Matthieu Boutier () Routage sensible à la source

En routage next-hop, paradigme de routage utilisé dans l'Internet Global, chaque routeur choisit le next-hop de chaque paquet en fonction de son adresse destination. Le routage sensible à la source est une extension compatible du routage next-hop où le choix du next-hop dépend de l'adresse source du paquet en plus de son adresse destination. Nous montrons dans cette thèse que le routage sensible à la source est adapté au routage des réseaux multihomés avec plusieurs adresses, qu'il est possible d'étendre de manière compatible les protocoles de routage à vecteur de distance existants et que ce paradigme de routage offre avantageusement plus de flexibilité aux hôtes. Nous montrons d'abord que certains systèmes n'ordonnent pas correctement les entrées sensibles à la source dans leurs tables de routage et nous définissons un algorithme adapté aux protocoles de routage pour y remédier. Nous montrons comment étendre les protocoles à vecteur de distances au routage sensible à la source de manière compatible. Nous validons notre approche en concevant une extension d'un protocole existant (Babel), en réalisant la première implémentation complète d'un protocole sensible à la source et en utilisant ce protocole pour router un réseau multihomé. Enfin, nous montrons que le routage sensible à la source offre des possibilités de multichemin aux couches supérieures des hôtes. Nous vérifions qu'il s'intègre aux technologies existantes (MPTCP) et nous concevons des techniques d'optimisation pour les applications légères. Nous évaluons ces techniques après les avoir implémentées dans le cadre d'une application existante (mosh).

lundi 24 septembre 2018, 11h10, Salle 1007
Adam Shimi (IRIT - ENSEEIHT) Characterizing Asynchronous Message-Passing Models Through Rounds

One great issue in conceiving and specifying distributed algorithms is the sheer number of models, differing in subtle and often qualitative ways: synchrony, kind of faults, number of faults… In the context of message-passing, one solution is to restrict communication to proceed by round; A great variety of models can then be captured in the Heard-Of model, with predicates on the communication graph at each round. However, this raises another issue: how to characterize a given model by such a predicate? It depends on how to implement rounds in the model. This is straightforward in synchronous models, thanks to the upper bound on communication delay. On the other hand, asynchronous models allow unbounded message delays, which makes the implementation of rounds dependent on the specific message-passing model.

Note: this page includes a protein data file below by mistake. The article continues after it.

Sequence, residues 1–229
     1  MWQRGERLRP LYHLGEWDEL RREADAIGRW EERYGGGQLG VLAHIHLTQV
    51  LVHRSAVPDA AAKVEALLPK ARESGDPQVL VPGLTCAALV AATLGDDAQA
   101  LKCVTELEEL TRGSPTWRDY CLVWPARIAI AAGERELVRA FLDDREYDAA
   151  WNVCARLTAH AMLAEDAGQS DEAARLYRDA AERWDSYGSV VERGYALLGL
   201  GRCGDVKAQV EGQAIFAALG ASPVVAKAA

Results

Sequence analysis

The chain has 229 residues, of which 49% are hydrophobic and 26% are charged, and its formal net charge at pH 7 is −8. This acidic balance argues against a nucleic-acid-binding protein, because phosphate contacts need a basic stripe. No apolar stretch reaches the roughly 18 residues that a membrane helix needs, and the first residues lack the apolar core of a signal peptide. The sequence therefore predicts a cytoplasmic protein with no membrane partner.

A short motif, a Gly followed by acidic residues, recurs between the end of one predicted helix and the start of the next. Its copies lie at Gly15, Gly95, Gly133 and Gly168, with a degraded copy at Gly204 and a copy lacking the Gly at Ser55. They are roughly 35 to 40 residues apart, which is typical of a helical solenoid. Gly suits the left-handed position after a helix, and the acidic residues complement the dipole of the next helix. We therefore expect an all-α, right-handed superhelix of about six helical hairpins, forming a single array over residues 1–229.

I will present our formalization of this characterization for asynchronous models. Specifically, we introduce Delivered collections: the collection of all messages delivered at each round, whether late or not. Defining predicates on Delivered collections then allows us to capture message-passing models at the same level of abstraction than Heard-Of predicates. The question is then reformulated to: what Heard-Of predicates can be generated by a given Delivered predicate?

I will provide an answer by considering all possible scheduling of deliveries of messages from the Delivered collections and change of rounds for the processes. Strategies of processes then constrain those scheduling by specifying when processes can change rounds; those ensuring no process is ever blocked forever generate a Heard-Of collection per run, that is a Heard-Of predicate. Finally, we use these strategies to nd a characterizing Heard-Of predicate through a dominance relation on strategies: a dominant strategy for a Delivered predicate implements the most constrained Heard-Of predicate possible. This approach oer both the dominant Heard-Of predicates for classical asynchronous models and the existence, for every Delivered predicate, of a strategy dominating large classes of strategies. On the whole, those results confirm the power of this formalization and demonstrate the characterization of asynchronous models through rounds as a worthwhile pursuit.

This is joint work with Aurélie Hurault and Philippe Quéinnec.

Soutenances de thèses
mardi 25 septembre 2018, 14h00, Salle 3052, Bâtiment Sophie Germain
Yann Hamdaoui (IRIF) Concurrency, References and Linear Logic